13. Enrolment for Hawthorn district is 5.66 per cent below the average, and is projected to stay within the 10 per cent tolerance, reaching -9.46 per cent by 2018. The Liberal Party supported the status quo for Hawthorn. The ALP proposed that the district lose Canterbury and extend to the south-east, while the Greens and most of the private submissions took a different approach, with the district losing Glen Iris in the south and expanding due east. The EBC did not believe that major changes were justified for Hawthorn. It proposed a small eastward advance from Wattle Valley Road to Highfield Road, taking part of Canterbury from Box Hill and part of Camberwell from Burwood. The proposed district’s enrolment was close to the average at -1.27 per cent, and was projected to be -6.01 per cent.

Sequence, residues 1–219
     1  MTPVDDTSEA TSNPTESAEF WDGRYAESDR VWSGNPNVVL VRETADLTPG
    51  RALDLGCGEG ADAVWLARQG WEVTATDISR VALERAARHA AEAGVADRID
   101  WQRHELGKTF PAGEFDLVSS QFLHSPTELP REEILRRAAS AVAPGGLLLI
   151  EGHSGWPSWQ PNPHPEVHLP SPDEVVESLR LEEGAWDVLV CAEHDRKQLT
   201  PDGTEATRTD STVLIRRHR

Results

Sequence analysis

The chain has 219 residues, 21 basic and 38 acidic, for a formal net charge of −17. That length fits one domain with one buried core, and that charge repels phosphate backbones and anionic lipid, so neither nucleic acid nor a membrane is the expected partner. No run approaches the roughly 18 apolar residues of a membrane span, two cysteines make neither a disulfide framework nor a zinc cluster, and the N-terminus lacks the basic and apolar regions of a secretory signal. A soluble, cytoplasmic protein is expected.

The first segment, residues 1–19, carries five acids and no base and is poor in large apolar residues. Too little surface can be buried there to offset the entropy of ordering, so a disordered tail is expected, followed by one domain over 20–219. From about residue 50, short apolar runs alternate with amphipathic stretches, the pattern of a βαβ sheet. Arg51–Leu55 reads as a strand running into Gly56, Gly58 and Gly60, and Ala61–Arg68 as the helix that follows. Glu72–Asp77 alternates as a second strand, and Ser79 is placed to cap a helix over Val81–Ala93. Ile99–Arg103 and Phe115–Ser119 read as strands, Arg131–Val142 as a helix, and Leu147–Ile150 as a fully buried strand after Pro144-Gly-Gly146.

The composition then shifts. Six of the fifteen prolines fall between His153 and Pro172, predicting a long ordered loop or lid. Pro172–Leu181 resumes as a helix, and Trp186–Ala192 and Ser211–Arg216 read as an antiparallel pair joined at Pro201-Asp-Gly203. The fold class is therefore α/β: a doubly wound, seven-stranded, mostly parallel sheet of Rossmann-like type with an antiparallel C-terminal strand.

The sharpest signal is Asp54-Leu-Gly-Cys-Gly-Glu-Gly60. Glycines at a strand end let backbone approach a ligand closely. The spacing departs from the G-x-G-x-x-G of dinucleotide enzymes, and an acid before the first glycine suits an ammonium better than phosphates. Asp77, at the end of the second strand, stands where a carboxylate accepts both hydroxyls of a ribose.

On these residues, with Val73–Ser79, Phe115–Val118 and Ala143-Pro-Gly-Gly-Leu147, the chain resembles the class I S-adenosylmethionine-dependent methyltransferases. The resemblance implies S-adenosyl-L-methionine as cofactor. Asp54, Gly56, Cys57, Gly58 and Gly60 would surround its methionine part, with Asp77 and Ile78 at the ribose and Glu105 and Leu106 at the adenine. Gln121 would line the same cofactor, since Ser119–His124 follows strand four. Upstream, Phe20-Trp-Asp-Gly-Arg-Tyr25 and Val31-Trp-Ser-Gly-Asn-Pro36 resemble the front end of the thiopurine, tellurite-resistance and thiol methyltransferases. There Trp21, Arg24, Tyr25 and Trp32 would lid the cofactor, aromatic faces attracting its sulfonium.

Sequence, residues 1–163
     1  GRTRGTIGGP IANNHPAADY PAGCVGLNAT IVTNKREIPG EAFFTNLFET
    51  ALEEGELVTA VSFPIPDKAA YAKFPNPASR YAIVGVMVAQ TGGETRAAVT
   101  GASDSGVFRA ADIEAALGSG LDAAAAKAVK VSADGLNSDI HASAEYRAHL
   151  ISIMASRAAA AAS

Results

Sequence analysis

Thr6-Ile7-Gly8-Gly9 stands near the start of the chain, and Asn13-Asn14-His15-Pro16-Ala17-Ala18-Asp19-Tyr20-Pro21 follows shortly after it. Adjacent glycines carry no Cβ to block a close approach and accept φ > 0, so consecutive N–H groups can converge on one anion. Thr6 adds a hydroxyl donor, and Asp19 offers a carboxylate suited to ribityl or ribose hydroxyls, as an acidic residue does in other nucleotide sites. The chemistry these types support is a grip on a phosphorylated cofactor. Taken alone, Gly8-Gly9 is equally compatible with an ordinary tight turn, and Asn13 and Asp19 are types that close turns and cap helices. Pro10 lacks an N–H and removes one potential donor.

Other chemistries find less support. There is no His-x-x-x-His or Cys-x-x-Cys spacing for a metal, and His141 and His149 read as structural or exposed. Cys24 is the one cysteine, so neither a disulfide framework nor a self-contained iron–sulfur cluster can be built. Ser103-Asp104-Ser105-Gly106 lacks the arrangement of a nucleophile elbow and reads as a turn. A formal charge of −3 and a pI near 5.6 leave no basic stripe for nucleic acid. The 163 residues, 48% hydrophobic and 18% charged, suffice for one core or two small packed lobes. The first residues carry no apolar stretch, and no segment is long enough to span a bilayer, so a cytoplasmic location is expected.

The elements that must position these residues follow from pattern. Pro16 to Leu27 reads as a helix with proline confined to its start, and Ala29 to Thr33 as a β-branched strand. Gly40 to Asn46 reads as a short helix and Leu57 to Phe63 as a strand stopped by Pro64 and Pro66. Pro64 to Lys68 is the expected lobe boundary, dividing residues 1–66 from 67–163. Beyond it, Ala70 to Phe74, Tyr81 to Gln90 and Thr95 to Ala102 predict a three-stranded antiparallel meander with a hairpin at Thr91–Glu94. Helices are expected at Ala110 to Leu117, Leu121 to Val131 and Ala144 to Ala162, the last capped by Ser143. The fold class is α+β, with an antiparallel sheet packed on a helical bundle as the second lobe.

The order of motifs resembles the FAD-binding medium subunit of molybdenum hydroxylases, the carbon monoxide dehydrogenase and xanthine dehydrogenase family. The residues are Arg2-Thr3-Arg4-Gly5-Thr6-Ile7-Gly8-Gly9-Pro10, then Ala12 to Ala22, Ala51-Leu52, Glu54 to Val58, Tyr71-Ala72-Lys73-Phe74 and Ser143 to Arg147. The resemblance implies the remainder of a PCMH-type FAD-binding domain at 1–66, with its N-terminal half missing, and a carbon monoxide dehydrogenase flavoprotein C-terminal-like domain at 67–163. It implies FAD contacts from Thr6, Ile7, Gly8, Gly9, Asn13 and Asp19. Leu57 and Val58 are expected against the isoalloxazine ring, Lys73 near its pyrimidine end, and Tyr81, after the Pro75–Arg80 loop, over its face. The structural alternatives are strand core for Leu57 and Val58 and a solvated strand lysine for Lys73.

14. Burwood district is 5.38 per cent below average, and is predicted to just breach the 10 per cent threshold with an enrolment of -10.08 per cent by 2018. Submissions put forward a wide variety of boundaries for Burwood, and the Greens and Dr Mulcair proposed to abolish the seat. The EBC considered that only minimal changes were necessary. In the north-west, the district gained part of Surrey Hills south of Canterbury Road from Box Hill, while losing a strip of Camberwell west of Highfield Road to Hawthorn. The changes left Burwood district with clearer boundaries than before. The proposed district’s enrolment was 1.19 per cent below the average, and was projected to decline to -6.73 per cent.